Just imagine for a second, that people were calling for a law that the
nationality of who calls them needs to be clear. “I need to know if a
Mexican is calling me,” they would say. What would you call those
people? Racists, right?
Now those people are doing something similar, but now they call what
they do “ethics”. They are outraged that we can’t be sure if it’s a
human or a robot on the other end of the line. Take a look at this
video, from Google I/O 2018, if you don’t know what the fuss is all
My question is, why would you need to know that? One common argument
so far has been that scammers can make convincing robo-calls using
this technology. Well, excuse me, but scam calls were invented by
humans and they are still made, sometimes on pretty large scales, by
And besides, say a law was passed that robots had to introduce
themselves as such over the phone. Then what? Let me let you in on a
little secret. Scammers are already doing something illegal. You think
they care? So what happens is legitimate calls, for which you have
nothing to worry about anyway, will start with “Hi! I’m Google
Assistant calling on behalf of Bob,” while scam calls will still start
with “Hey this is Bob from…”, you get the idea.
So let me get a bit of advice. When someone calls you, listen to what
they are saying. If it makes sense, go ahead. If not, end the call
immediately. Doesn’t make much of a difference if it’s a robot calling
you or not.
I’ve written a small benchmarking tool for some of the different XML
parsers available to Python programmers. It calculates each option’s
throughput by sending a large amount of XML data to each parser. You
need to provide it with some XML input.
For a long time now, I’ve been using Vagrant to quickly launch a VM or
two when I need to. Recently, I’ve been less and less satisfied with
Vagrant. It’s usually slow and needs editing the Vagrantfile if I
want to change the machine specs. The slowness might be partially due
to using VirtualBox by default. There is a vagrant-libvirt plugin that
lets you use libvirt/KVM but the plugin seems to be a hit-and-miss
affair and I’ve not been able to make it work all the time.
There is always the option of using virsh and other libvirt
utilities, of course, to launch VMs, but that is not as simple as I’d
like. I finally decided to write some sort of wrapper script for
libvirt and here it is: spinup –a simple utility to launch VMs
as fast as possible.
You need to clone the repository, run prepare.sh and you’re set to
use spinup. I’ll also assume that you’ve made a symlink to
spinup.py as spinup in an appropriate place, and installed the
dependencies, so that the utility is always easily available to
you. There’s of course the option of installing dependencies in a
virtualenv and running ./spinup.py from there. You will obviously
need libvirtd available, too.
The easiest way to launch a VM is by running this:
This will create an Ubuntu based VM with 1GiB of RAM and one CPU core,
downloading the Ubuntu cloud image the first time you run it. To land
inside the VM, simply run:
$ spinup ssh
The created VM is tied to the directory you create it in (although no
files are created in that directory). So you need to be in that
directory in order to have access to the VM.
In order to destroy the VM, simply run:
$ spinup destroy
You can create a VM with different specs like this:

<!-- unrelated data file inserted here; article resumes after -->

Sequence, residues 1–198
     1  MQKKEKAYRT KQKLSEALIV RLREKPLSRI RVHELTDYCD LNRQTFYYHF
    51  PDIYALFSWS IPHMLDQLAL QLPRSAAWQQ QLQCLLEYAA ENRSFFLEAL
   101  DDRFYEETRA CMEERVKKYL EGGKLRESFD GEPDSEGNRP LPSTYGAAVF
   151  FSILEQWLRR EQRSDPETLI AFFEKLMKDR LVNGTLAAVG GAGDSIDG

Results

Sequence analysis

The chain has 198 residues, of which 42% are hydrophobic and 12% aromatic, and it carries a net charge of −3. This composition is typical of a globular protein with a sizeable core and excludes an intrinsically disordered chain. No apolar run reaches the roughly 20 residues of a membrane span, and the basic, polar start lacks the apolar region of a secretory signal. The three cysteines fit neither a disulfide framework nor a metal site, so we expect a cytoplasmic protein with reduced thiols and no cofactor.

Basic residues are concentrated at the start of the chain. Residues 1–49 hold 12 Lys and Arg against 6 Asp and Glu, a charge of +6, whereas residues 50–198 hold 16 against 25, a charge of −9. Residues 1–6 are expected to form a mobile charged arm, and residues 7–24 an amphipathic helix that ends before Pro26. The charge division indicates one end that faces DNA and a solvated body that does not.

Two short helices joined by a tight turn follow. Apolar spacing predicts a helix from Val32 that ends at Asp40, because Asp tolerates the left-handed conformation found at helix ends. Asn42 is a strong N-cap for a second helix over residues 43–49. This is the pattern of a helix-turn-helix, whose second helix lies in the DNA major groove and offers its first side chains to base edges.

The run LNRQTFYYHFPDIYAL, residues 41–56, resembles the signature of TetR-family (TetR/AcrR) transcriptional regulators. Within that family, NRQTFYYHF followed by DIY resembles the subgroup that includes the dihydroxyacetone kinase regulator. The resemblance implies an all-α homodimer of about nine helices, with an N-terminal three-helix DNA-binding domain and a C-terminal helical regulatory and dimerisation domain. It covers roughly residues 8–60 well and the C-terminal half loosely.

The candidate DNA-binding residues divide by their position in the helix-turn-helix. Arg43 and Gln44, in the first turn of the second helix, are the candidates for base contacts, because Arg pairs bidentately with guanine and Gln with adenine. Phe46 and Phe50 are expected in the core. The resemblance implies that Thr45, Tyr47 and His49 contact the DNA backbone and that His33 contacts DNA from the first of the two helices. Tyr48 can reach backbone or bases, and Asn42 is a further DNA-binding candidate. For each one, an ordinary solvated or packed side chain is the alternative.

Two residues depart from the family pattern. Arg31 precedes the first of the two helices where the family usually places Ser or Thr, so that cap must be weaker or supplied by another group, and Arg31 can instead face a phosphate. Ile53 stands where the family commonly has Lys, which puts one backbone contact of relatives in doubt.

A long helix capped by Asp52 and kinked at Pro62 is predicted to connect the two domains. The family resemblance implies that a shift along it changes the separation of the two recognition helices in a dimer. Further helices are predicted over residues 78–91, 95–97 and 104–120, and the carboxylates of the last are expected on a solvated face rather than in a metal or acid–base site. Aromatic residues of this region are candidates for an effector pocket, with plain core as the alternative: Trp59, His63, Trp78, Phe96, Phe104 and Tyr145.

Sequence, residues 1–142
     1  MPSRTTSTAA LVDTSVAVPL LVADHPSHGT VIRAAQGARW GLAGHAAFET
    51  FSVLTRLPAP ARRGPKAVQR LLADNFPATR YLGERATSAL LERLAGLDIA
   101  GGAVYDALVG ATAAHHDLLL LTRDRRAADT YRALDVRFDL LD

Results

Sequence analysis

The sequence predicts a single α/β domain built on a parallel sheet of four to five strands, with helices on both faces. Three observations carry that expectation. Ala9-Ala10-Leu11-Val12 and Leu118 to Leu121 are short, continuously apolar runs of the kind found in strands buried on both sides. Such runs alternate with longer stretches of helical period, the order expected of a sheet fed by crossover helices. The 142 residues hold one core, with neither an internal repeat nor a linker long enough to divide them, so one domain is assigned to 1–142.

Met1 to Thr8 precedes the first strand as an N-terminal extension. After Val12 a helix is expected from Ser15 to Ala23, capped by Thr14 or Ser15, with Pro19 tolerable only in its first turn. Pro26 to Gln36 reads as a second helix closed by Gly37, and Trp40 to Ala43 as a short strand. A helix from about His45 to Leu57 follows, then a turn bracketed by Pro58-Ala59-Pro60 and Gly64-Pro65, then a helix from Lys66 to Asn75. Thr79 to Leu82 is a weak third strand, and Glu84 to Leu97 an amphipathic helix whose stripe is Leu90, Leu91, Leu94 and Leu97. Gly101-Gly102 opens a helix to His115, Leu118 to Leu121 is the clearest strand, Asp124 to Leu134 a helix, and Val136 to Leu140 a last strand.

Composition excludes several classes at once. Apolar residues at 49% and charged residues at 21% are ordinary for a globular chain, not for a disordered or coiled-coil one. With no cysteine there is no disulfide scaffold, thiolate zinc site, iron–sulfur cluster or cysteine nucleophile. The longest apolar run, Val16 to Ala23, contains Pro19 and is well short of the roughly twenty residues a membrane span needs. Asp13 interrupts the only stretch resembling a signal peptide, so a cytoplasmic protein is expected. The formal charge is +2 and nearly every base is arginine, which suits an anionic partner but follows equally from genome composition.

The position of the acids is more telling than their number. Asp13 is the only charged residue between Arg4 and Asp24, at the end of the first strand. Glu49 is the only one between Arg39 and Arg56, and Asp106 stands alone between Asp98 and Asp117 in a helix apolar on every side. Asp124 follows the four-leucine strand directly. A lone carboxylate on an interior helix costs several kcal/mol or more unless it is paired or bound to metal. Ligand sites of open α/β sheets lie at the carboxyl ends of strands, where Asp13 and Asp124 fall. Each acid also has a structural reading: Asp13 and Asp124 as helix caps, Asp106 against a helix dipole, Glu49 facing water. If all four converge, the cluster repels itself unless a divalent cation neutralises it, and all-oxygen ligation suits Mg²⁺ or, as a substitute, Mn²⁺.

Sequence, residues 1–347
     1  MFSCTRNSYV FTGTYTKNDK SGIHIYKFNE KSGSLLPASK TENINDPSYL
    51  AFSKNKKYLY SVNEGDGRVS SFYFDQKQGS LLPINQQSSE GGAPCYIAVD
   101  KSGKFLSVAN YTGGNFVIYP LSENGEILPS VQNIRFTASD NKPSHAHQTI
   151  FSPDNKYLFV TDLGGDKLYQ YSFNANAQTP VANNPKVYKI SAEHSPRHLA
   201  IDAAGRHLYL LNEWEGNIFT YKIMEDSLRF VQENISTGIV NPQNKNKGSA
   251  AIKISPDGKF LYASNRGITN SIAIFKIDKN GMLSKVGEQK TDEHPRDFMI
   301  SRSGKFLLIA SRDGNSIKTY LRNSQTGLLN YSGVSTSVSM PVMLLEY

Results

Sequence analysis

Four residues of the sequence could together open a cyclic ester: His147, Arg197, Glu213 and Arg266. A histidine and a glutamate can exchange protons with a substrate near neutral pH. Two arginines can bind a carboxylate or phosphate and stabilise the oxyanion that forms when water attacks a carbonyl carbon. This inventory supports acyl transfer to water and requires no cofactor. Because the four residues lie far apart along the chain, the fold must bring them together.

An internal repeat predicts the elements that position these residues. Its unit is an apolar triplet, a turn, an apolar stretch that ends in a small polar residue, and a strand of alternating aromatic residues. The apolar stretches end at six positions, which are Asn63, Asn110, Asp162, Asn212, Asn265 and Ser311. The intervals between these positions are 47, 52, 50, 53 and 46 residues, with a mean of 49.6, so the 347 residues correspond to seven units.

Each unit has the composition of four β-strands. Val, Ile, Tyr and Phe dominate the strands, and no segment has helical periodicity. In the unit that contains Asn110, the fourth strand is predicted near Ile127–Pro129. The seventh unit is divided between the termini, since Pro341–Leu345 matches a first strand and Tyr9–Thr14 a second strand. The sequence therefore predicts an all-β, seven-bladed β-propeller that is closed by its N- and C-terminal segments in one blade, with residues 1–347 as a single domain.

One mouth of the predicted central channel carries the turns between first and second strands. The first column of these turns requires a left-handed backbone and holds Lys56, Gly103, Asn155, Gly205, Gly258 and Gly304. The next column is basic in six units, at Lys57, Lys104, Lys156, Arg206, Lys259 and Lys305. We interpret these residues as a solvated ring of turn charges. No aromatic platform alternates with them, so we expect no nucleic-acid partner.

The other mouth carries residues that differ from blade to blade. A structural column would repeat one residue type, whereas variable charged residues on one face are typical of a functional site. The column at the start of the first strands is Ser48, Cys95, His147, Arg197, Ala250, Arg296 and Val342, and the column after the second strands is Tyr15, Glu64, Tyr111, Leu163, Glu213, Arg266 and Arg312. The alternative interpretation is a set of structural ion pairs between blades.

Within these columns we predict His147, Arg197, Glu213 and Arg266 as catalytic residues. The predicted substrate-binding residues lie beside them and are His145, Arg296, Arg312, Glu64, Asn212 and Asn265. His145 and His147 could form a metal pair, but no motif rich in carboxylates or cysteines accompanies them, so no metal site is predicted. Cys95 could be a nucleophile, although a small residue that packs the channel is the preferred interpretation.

$ spinup coreos 4G 2cpus
This will create a CoreOS based VM with 4GiB of RAM and two CPU cores.
It’s also possible to launch multiple VMs at the same time:
$ spinup :foo ubuntu 2G -- :bar coreos 4G 2cpus
Here we have created two VMs, naming them foo and bar
respectively. In order to ssh into bar simply run:
$ spinup ssh bar
Running spinup destroy will destroy both VMs.
One area in which spinup is sorely lacking at the moment is
networking. The created VMs are connected to libvirt’s default
network, but there are no other options. I’m hoping to fix this in the
near future. (Update: configuring network is now available, although
you might need to create the appropriate libvirt networks first.)
spinup is in its very early stages of development, released in the
“release early, release often” spirit. If you have any questions, you
can send me an email at mostafa(at)sepent.com or create an issue or
send a pull request over at github.
DPDK is a fantastic piece of software. I’ve used it both for
work and in my hobby projects (yes, I crunch packets as a hobby, say
what you will about me!) and it works great. My only grievance with it
has always been the complicated build system it forces on you. It’s
ugly and inflexible and it sometimes drives you crazy.
Yesterday, I saw that DPDK is in Ubuntu’s repositories. It took me
some time to realize wha that means. I was looking for the value of
the RTE_SDK variable when it clicked in my head; I could just use the
damn thing like any normal library; with -l, -L, -I and all
that. I just needed to add a -msse4.2 flag for the compilation to
work properly (I’ve been adding that flag to the TOOLCHAIN_CFLAGS
make variable on some of my machines to make DPDK compile anyway).
Does it have any drawbacks? I have no idea, as I never managed to
penetrate the many layers of DPDK make files to see what they really
do. It’s quite possible that this is not as efficient as compiling
DPDK yourself so it can detect and use the full capabilities of your
machine, but at the very least I learned a thing or two about building
DPDK by looking at the the Git repository of the Ubuntu
maintainers. Just do a git clone
https://git.launchpad.net/~ubuntu-server/dpdk. Switch to the
ubuntu-xenial branch to see the interesting bits.
This seems to be a Canonical endeavor, so thank you kind folks in